I painted each sign in a different acrylic color… it needed to be light enough to properly display the location.

Place Signs

I used their physical address as the starting point and calculated the distance between their current house and each of their former homes.  Google Maps couldn’t give me driving directions to Ireland or China, so I used and plugged in as much info as I could.  I never remembered Dad’s address in Yeadon, but I knew the street.  And my sister was quick to inform me that I remembered our address in Limerick incorrectly (I thought it was 162… it was 161… but I did recall the street name).  Keeping it a surprise was worth it, though!

I’m super pleased with the finished product.  And so were my parents!!

Place Signs3And now I’m even more motivated to create my Literary Garden Art!

Homemade Lego Gifts

Here’s a Creative Solution for Lego-lovers; a crafty, homemade gift that is useful, fun, inexpensive, and pretty easy.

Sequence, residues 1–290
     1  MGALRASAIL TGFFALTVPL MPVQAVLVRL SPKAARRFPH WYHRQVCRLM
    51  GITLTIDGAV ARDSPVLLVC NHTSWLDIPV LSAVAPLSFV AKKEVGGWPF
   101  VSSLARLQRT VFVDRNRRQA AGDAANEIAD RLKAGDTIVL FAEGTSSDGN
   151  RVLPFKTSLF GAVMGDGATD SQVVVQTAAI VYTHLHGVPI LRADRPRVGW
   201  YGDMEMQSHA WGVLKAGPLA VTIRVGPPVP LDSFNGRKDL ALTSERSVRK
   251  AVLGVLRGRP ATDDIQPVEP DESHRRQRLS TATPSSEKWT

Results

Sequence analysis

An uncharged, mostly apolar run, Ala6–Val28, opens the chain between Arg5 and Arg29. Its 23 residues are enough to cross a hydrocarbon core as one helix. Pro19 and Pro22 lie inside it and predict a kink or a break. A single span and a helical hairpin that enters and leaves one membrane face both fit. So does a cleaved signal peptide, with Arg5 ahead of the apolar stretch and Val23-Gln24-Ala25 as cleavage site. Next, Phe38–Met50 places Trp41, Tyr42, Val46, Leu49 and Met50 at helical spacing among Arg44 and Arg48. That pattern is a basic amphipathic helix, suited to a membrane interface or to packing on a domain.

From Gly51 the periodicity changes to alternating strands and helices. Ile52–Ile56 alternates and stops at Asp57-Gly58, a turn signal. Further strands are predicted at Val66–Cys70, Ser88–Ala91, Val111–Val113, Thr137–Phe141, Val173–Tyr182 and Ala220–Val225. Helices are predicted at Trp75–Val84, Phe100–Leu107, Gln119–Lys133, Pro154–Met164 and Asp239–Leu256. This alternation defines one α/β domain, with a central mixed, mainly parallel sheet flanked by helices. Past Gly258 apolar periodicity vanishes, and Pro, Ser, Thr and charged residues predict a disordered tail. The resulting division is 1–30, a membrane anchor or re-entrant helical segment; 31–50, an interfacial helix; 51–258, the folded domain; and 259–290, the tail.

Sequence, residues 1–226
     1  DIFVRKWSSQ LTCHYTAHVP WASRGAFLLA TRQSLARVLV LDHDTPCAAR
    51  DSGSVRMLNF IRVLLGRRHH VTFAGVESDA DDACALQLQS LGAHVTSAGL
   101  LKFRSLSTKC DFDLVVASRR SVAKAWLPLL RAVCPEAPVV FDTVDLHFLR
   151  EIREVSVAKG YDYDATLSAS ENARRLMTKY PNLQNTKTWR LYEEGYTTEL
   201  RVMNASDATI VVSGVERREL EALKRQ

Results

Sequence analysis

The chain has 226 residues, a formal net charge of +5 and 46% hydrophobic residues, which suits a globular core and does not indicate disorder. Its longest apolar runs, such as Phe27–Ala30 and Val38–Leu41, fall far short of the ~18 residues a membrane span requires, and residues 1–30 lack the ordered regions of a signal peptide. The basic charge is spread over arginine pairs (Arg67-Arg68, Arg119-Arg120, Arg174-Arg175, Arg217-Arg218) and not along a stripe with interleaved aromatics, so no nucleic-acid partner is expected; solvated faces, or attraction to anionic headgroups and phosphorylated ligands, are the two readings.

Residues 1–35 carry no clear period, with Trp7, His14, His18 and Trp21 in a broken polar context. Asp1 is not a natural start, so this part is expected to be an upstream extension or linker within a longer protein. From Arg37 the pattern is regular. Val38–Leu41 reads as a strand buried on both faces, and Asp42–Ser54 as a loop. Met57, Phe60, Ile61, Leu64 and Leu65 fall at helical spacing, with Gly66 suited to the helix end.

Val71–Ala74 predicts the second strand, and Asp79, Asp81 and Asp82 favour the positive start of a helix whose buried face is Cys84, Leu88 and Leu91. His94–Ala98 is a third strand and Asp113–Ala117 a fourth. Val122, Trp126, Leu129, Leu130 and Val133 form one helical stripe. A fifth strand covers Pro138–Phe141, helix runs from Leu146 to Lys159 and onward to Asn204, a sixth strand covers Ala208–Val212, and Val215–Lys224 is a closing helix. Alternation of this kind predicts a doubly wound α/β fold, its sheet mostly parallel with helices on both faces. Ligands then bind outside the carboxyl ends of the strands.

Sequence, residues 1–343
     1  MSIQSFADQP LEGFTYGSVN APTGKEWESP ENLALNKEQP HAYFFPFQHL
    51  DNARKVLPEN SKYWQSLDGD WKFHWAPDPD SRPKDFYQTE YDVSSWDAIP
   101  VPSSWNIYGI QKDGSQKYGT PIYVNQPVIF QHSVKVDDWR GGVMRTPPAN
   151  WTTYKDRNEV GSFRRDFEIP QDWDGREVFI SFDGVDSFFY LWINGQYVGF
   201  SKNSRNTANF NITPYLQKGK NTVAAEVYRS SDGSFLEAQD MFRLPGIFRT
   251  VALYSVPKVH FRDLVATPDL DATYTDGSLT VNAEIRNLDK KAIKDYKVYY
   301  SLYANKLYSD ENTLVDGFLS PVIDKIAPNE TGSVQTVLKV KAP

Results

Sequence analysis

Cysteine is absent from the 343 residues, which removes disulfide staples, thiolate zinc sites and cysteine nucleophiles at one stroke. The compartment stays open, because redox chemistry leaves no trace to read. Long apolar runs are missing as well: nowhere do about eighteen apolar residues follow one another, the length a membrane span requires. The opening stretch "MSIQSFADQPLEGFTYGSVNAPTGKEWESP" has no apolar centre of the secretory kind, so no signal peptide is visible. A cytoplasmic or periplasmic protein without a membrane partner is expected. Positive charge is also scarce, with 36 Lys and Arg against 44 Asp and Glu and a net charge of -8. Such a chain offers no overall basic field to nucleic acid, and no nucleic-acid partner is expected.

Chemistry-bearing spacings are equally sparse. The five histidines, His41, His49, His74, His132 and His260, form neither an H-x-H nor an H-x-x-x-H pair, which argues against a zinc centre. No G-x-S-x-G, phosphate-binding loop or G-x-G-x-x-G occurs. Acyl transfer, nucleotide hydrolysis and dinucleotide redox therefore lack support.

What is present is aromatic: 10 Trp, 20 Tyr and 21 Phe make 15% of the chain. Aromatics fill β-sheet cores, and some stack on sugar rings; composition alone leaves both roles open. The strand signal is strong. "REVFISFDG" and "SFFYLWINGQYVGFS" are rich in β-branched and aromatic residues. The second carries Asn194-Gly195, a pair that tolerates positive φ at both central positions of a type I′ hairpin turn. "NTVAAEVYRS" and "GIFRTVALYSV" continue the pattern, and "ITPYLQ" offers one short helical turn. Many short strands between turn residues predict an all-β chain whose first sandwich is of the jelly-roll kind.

Assuming you have acrylic paints on hand, this Lego tray cost about $11 to make (even less if you can snag a baseplate from your kids’ playroom).

Lego Tray


The wooden trays are available at any craft store.  I got mine from Hobby Lobby ($7.99, minus a 40% off coupon).  Just be sure to get the large tray (10 3/4 ” x 14″) so that it will fit the 10 inch Lego baseplate.  The baseplates are available at Target, the Lego Store, or Amazon for $4.99.

  1. Paint the tray one color (avoid green since that’ll be the baseplate color).  Let it dry, then paint bricks around the outside border–a rectangle with dots on top.
  2. I like to finish any painting-on-wood project with some varnish or polyurethane.  This varnish is easy to work with, clean up, and dries super fast.  And it can be found in the paints aisle of the craft store.  Amazon has it for $10.99, but I’m pretty sure craft stores sell it for closer to $4.99.
  3. After it’s dry, hot glue the baseplate to the side of the tray.  Resist the temptation to center it.  The “loose” Lego bricks need space to go on the side.


Another easy homemade Lego gift is a Mini-Fig Hat.


You can purchase a white hat from a craft store and dye it yellow… but honestly that’s too many steps for me.  The colors of baseball caps in craft stores and dollar stores vary… and I haven’t found a yellow hat in either place years.  But lo and behold, Academy Sports has one!  Marked $4.99, but rang up at $2.99!